Karnataka High Court upholds ban on selling firecrackers in congested areas of Bangalore


The Karnataka High Court has upheld the ban imposed by the Chief Police Officer in 2013 on the sale of firecrackers in congested areas of Bengaluru. On July 29, a single judge bench of Judge Krishna S Dixit dismissed the motion filed by M/s Madhi Trading Co and others.

“You don’t have to do research to know that the production, transportation and popping of crackers (including low-emission ones like green crackers) are detrimental to ‘mother nature’, to varying degrees and types. various. Firecrackers, in addition to being a health hazard and a risk to life and physical integrity, cause enormous environmental pollution; in dense cities like Bangalore which are plagued by relentless noise pollution, cracker bursts would only add to existing woes,” the court said.

“Those who have lost their eyes, the world is blinded to them for the rest of their lives. It would make the framers of the Constitution shiver in their graves. There can be no greater violation of the right to life, to physical integrity and liberty,” the court added.

The court observed: “Unquestionably, the adverse effects of firecrackers cause irreversible damage to the environment. Besides infants, pregnant women, and patients (especially those with heart disease and high blood pressure), even animals and birds also feel the violence from cracker bursts. 14) Edit: ‘sarve bhavantu sukhinaha, sarve santu niraamayaha…’ This almost translates to: May everyone be happy and all creatures be free from affliction.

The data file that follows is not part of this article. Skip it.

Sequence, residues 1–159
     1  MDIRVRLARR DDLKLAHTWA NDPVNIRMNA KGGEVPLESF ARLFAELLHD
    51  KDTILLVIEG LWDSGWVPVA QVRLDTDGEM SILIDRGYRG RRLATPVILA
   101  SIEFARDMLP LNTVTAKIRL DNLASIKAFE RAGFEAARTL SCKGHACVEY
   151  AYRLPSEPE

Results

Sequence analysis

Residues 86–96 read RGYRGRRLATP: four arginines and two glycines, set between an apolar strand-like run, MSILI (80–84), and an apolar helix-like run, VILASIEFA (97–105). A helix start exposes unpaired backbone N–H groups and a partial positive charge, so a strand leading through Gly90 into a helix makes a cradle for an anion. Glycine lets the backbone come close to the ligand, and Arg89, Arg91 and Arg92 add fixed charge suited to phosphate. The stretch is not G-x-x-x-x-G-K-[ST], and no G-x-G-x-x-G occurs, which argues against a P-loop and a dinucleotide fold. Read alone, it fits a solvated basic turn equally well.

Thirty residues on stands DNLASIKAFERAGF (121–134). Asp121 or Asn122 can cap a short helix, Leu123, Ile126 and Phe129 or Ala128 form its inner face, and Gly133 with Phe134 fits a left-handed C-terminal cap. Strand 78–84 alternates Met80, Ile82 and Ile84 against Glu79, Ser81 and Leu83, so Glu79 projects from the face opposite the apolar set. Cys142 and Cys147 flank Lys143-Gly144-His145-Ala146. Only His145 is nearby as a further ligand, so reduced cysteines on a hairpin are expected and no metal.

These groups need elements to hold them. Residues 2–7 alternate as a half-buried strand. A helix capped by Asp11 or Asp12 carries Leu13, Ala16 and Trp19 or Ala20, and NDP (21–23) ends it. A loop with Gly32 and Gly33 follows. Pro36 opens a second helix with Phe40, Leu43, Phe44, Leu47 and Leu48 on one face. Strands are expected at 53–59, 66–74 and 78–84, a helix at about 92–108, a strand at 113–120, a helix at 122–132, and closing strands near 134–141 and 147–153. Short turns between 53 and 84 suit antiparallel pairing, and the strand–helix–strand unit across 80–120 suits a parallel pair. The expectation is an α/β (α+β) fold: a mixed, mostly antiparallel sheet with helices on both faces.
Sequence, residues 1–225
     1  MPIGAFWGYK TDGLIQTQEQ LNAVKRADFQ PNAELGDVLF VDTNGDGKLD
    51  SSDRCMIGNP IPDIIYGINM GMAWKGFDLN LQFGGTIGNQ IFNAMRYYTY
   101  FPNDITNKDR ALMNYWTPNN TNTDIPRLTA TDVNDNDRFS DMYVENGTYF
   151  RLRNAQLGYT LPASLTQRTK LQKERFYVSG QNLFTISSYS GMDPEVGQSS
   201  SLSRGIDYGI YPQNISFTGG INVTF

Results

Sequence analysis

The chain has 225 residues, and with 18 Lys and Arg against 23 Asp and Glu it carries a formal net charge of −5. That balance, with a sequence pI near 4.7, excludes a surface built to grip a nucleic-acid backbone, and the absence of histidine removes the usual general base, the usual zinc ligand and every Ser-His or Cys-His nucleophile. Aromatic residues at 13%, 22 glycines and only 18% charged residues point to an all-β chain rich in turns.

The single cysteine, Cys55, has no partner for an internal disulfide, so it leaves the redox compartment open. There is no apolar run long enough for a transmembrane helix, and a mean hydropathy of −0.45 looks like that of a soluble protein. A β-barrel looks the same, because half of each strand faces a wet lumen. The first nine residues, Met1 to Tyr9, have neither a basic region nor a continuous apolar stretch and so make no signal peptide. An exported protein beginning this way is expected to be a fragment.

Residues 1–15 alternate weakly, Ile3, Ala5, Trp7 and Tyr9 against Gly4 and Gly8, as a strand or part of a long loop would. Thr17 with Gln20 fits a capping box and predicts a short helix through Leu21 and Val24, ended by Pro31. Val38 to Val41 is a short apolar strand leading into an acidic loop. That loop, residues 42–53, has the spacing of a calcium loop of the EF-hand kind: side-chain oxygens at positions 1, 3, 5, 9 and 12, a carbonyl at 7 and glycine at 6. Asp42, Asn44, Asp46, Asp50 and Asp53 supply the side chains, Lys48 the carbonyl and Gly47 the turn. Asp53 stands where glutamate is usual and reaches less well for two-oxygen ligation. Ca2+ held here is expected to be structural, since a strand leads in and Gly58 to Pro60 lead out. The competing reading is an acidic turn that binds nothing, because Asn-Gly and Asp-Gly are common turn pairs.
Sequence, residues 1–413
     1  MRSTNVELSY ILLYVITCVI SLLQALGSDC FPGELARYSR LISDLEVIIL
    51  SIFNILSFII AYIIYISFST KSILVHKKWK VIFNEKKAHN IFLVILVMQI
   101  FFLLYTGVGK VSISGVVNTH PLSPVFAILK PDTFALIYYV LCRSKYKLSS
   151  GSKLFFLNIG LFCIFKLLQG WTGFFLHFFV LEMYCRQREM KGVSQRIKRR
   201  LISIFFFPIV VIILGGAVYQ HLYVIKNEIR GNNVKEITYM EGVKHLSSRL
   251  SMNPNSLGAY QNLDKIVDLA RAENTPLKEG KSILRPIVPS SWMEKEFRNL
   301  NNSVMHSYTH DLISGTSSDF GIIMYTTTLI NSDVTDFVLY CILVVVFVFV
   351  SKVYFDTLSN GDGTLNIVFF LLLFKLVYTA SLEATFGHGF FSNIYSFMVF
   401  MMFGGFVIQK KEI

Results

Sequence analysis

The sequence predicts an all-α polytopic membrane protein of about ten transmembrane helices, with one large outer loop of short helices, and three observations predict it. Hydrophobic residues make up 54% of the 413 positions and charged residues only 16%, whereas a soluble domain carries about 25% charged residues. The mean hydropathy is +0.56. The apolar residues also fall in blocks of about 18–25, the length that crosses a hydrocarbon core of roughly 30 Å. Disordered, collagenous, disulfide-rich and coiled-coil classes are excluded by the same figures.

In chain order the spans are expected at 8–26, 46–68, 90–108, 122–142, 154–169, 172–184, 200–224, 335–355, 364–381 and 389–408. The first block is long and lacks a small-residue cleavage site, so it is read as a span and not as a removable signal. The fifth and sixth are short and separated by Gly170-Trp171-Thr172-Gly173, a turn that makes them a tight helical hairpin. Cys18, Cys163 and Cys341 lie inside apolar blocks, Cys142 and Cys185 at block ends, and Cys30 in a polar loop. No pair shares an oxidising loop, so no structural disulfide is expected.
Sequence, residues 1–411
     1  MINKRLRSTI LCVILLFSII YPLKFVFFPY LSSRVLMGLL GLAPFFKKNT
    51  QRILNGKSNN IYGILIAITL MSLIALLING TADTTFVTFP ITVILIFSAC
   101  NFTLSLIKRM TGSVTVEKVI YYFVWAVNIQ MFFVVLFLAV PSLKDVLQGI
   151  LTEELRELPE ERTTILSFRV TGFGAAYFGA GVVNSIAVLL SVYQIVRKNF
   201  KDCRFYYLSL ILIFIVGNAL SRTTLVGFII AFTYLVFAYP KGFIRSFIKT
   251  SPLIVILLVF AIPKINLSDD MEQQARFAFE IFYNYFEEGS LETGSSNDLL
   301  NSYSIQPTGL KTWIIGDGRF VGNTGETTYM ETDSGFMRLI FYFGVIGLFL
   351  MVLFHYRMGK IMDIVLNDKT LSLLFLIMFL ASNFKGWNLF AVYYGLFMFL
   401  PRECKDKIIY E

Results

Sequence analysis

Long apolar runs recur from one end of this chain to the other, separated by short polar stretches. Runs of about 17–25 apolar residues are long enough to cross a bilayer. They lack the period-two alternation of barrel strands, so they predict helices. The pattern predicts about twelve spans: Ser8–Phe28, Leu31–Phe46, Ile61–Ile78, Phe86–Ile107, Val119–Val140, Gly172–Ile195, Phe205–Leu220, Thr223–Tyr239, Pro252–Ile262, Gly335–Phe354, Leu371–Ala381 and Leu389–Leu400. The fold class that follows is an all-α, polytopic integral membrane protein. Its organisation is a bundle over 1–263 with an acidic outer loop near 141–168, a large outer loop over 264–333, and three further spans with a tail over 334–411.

The applicants had stated that their right to engage in the activity under section 19 would be violated by the order issued by the police. The court also said that with explosive substances being “res extra commercium” (things that cannot be subject to private rights) such as alcohol, poison, etc., no citizen can claim a fundamental right unlimited under Section 19(1)(g) of the Constitution to carry on trade and business of that nature.

The judge said: ‘The public interest would be served more by petitioners and other traders moving their business to safer areas than by being allowed to continue in the same areas in question.’ The judge also noted that in the event of a fire accident resulting from firecrackers and fireworks in the narrow lanes, it would not be easy to manage and there could be a chain reaction.


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